Another baseball season is closer than the frigid, loveless Midwestern landscape would currently indicate. With its impending arrival comes the knowledge that all the assorted cruelties--physical, mental, spiritual--of a high stakes six-month major league campaign are coming with it. Previously, Hawk Harrelson has served as the avatar for the existential decay of the season, entering every year allowing deluded hopes to prompt an overcommitment in his work schedule, only to become disillusioned and resigned as misfortune and disappointment formed a toxic brew from which he drank every day.
Now that he is switching to a reduced schedule, the onus falls onto players and coaches to give word to the piercing loneliness of waiting for faith to be rewarded on the Earthly plane, preferably during their one-to-two minute-long post-game media sessions. For the sake of concision, here are some selected quotes from the German philosopher Friedrich Nietzsche, with sample appropriate game-specific contexts.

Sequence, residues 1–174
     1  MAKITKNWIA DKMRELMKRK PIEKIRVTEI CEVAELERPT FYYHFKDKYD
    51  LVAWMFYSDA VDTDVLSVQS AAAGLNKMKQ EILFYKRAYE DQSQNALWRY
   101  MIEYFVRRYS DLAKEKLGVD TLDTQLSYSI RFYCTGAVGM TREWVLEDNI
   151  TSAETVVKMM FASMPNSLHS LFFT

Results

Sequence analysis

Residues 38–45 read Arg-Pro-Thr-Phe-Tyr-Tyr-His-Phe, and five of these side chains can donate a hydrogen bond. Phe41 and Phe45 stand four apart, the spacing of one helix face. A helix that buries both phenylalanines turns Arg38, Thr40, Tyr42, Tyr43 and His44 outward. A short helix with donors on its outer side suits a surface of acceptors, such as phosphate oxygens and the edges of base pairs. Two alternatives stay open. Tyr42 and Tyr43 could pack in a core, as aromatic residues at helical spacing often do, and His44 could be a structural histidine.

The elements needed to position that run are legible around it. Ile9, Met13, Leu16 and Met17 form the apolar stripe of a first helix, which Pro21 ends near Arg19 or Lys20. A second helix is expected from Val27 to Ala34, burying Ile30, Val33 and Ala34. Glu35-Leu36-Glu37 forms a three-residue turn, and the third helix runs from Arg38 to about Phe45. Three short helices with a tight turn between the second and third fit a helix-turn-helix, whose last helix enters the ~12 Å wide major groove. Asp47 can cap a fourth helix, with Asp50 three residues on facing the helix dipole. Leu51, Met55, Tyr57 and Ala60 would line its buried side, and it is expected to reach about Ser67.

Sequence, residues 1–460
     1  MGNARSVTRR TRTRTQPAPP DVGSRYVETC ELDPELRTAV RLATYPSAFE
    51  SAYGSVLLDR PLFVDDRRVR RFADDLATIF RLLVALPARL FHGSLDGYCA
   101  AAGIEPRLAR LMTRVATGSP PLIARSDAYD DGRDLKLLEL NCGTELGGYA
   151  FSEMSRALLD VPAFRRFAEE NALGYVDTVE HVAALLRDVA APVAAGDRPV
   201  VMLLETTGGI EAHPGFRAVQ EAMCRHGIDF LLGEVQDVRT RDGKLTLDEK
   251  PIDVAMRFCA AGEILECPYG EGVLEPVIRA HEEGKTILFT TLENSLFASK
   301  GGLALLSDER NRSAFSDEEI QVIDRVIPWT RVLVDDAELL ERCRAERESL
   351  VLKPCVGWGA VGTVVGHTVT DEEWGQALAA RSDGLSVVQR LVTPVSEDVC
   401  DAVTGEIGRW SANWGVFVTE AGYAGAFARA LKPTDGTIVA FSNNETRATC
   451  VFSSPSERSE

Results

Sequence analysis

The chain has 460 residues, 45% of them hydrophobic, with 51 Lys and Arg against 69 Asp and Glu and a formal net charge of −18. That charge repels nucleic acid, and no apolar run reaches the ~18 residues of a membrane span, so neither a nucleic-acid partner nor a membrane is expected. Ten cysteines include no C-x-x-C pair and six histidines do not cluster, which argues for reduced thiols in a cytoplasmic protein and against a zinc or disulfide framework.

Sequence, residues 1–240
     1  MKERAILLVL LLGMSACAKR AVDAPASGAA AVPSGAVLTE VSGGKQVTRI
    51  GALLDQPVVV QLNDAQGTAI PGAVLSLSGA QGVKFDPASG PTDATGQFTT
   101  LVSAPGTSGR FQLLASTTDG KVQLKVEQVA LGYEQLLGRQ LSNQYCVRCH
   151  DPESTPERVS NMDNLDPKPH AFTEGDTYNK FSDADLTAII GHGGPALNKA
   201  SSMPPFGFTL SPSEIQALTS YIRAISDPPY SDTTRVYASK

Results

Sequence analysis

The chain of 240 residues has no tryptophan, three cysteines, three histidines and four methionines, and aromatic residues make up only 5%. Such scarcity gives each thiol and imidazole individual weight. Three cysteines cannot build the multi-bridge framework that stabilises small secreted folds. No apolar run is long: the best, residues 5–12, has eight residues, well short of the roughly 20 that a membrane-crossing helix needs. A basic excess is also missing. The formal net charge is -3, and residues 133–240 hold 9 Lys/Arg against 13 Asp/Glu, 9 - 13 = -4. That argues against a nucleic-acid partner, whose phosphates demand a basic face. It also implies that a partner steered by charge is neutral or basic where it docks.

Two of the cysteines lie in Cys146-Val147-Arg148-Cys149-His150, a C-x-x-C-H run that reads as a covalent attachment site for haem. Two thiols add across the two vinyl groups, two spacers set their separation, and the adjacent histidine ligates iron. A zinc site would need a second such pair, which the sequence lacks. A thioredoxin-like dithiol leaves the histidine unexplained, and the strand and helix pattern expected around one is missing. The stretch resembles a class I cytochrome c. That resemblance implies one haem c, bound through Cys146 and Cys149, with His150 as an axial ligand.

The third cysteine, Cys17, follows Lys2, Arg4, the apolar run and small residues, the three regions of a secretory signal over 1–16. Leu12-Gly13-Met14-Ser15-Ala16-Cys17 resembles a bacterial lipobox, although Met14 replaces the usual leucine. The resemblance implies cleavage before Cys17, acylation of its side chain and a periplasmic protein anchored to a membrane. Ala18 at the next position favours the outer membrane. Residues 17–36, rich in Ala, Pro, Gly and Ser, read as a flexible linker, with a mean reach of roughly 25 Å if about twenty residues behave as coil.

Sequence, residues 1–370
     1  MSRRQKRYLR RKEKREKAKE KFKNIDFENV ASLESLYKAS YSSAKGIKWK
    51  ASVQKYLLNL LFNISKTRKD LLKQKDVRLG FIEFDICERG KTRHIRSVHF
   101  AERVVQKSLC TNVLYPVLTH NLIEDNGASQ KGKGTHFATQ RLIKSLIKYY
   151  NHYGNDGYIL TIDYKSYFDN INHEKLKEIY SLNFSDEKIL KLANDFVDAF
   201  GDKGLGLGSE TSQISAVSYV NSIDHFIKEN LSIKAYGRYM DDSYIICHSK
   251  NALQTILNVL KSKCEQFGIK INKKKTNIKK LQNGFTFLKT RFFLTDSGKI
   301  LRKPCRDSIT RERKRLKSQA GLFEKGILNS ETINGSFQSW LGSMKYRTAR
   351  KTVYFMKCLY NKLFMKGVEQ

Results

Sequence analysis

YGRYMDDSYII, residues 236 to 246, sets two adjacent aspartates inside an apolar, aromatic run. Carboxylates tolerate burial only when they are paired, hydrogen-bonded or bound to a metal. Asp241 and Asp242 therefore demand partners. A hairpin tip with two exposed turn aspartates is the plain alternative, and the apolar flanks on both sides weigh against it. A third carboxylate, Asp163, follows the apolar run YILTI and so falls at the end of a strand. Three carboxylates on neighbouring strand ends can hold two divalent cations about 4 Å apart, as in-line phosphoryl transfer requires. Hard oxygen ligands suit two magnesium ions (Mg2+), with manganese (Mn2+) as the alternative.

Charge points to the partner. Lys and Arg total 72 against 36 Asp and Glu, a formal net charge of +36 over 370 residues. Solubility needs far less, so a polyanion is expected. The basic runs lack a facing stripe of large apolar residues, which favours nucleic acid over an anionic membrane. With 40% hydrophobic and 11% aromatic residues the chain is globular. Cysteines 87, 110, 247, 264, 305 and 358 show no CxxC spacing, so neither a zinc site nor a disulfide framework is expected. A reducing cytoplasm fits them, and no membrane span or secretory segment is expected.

--Rick Hahn on the team's unwillingness to commit to a deal longer than three years for Yoenis Cespedes.
--Chris Sale on setting a new career-high for single game strikeouts in a 2-1 loss to Detroit.
--Revised team policy on autograph requests.
--Jose Abreu, through an interpreter, on the wisdom of playing through a strained hamstring.
--Todd Frazier on his reaction to being asked to bunt with one out and the tying run on first in the 9th inning.
--Melky Cabrera on missing a weekend series with an oblique strain.
--Robin Ventura on the mood of the clubhouse after three-game skid in September causes the Sox to lose the division lead.
--Various parties when asked about Gordon Beckham's White Sox tenure.
--John Danks after pitching eight innings of one-run ball in a 4-1 victory over the Kansas City Royals.